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||Multivariate meta-analysis with an increasing number of parameters.
||Boca SM, Pfeiffer RM, Sampson JN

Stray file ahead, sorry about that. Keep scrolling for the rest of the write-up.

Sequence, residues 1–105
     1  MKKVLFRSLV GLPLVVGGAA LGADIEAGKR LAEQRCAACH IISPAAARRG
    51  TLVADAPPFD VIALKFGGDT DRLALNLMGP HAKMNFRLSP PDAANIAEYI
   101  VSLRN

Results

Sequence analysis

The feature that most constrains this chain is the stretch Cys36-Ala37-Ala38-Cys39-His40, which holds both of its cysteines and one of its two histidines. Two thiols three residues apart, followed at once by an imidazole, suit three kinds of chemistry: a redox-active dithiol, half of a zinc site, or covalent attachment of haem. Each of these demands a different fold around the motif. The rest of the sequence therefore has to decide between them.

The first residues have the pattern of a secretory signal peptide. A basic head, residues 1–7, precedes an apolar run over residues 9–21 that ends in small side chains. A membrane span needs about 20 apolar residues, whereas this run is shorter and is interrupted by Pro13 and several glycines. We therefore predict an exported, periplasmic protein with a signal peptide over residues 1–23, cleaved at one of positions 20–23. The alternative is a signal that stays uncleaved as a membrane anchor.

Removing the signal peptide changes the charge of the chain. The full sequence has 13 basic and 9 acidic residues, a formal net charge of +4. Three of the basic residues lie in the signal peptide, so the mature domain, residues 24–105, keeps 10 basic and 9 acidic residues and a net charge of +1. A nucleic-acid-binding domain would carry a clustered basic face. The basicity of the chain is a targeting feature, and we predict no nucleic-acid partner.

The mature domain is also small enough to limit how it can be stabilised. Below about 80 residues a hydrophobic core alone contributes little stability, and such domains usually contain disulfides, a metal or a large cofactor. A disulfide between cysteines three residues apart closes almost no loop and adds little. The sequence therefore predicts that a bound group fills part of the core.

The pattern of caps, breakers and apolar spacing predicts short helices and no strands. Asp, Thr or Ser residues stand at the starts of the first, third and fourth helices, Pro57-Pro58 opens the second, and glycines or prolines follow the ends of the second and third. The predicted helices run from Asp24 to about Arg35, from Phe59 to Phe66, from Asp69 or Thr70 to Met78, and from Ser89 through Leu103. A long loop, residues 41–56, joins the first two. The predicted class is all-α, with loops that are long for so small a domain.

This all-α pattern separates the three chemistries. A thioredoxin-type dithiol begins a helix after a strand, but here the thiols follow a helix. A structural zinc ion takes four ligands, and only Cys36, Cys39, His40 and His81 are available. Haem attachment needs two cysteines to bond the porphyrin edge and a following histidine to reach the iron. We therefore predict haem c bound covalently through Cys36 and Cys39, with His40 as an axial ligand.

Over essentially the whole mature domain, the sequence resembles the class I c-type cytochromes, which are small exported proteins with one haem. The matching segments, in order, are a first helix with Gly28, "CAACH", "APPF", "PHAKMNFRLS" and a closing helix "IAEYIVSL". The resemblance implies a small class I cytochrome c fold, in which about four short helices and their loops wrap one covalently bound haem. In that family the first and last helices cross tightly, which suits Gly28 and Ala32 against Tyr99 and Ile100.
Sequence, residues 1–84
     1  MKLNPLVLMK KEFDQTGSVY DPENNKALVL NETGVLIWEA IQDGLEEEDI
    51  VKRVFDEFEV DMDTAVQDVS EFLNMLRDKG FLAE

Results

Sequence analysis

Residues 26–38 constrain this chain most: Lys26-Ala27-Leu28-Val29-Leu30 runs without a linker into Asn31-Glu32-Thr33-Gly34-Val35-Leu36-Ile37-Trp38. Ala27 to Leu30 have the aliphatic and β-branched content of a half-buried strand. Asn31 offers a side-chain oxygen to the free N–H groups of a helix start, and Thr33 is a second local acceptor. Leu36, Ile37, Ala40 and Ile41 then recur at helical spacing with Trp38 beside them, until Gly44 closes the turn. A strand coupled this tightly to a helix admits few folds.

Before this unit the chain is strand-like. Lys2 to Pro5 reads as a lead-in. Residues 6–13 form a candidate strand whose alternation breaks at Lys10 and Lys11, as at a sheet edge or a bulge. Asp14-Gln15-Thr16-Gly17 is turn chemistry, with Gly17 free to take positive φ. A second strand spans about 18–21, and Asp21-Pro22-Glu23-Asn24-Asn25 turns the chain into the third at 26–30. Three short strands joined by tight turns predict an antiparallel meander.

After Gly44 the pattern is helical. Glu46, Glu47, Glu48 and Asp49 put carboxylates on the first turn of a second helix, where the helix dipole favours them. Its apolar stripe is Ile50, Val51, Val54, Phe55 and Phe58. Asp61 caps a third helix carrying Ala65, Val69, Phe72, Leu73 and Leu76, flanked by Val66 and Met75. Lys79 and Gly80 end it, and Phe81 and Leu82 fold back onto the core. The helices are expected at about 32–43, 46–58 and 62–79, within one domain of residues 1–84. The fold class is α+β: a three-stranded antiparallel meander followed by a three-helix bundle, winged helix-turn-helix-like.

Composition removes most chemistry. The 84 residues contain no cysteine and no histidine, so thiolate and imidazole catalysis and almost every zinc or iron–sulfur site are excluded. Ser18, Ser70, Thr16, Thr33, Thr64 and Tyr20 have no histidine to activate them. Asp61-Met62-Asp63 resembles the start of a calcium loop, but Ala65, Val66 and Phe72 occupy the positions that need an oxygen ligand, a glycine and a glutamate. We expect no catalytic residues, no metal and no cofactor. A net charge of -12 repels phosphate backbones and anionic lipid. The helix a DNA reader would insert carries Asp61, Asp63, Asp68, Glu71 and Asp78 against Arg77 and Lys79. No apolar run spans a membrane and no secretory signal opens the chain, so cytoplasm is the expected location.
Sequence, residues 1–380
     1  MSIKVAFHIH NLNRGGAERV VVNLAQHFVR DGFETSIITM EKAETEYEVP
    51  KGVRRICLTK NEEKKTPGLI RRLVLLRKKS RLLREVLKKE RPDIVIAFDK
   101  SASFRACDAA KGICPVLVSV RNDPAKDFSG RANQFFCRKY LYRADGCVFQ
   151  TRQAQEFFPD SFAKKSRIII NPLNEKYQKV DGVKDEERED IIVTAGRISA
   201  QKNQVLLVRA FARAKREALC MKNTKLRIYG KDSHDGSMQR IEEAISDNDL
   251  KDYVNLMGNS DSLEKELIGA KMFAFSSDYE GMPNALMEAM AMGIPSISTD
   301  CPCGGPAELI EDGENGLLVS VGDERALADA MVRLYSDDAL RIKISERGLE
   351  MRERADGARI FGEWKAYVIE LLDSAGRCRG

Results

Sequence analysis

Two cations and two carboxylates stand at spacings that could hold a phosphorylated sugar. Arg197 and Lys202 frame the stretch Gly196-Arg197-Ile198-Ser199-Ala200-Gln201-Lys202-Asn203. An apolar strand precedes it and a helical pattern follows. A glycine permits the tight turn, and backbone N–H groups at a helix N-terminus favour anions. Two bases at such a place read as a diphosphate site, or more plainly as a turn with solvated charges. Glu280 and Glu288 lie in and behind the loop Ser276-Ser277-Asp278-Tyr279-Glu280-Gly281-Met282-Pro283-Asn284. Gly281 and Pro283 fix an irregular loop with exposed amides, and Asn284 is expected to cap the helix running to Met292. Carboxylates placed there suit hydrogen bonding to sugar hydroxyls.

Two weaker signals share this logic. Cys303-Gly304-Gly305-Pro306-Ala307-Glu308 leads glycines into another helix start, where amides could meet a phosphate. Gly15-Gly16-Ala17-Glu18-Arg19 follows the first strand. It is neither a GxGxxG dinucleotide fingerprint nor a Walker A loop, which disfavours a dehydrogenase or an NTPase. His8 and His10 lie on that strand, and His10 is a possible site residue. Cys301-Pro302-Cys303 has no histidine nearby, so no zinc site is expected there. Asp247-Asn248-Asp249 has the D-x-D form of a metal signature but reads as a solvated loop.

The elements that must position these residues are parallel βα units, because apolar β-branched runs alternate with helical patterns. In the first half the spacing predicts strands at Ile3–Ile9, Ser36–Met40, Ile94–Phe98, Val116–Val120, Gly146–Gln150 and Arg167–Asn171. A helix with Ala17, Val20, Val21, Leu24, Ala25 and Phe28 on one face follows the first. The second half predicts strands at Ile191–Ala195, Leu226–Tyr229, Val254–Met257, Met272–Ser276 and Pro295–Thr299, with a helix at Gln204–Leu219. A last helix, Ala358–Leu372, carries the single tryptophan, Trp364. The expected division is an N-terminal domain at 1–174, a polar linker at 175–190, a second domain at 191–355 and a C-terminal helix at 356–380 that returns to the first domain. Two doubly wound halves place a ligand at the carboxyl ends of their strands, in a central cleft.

||Meta-analysis can average estimates of multiple parameters, such as a treatment's effect on multiple outcomes, across studies. Univariate meta-analysis (UVMA) considers each parameter individually, while multivariate meta-analysis (MVMA) considers the parameters jointly and accounts for the correlation between their estimates. The performance of MVMA and UVMA has been extensively compared in scenarios with two parameters. Our objective is to compare the performance of MVMA and UVMA as the number of parameters, p, increases. Specifically, we show that (i) for fixed-effect (FE) meta-analysis, the benefit from using MVMA can substantially increase as p increases; (ii) for random effects (RE) meta-analysis, the benefit from MVMA can increase as p increases, but the potential improvement is modest in the presence of high between-study variability and the actual improvement is further reduced by the need to estimate an increasingly large between study covariance matrix; and (iii) when there is little to no between-study variability, the loss of efficiency due to choosing RE MVMA over FE MVMA increases as p increases. We demonstrate these three features through theory, simulation, and a meta-analysis of risk factors for non-Hodgkin lymphoma.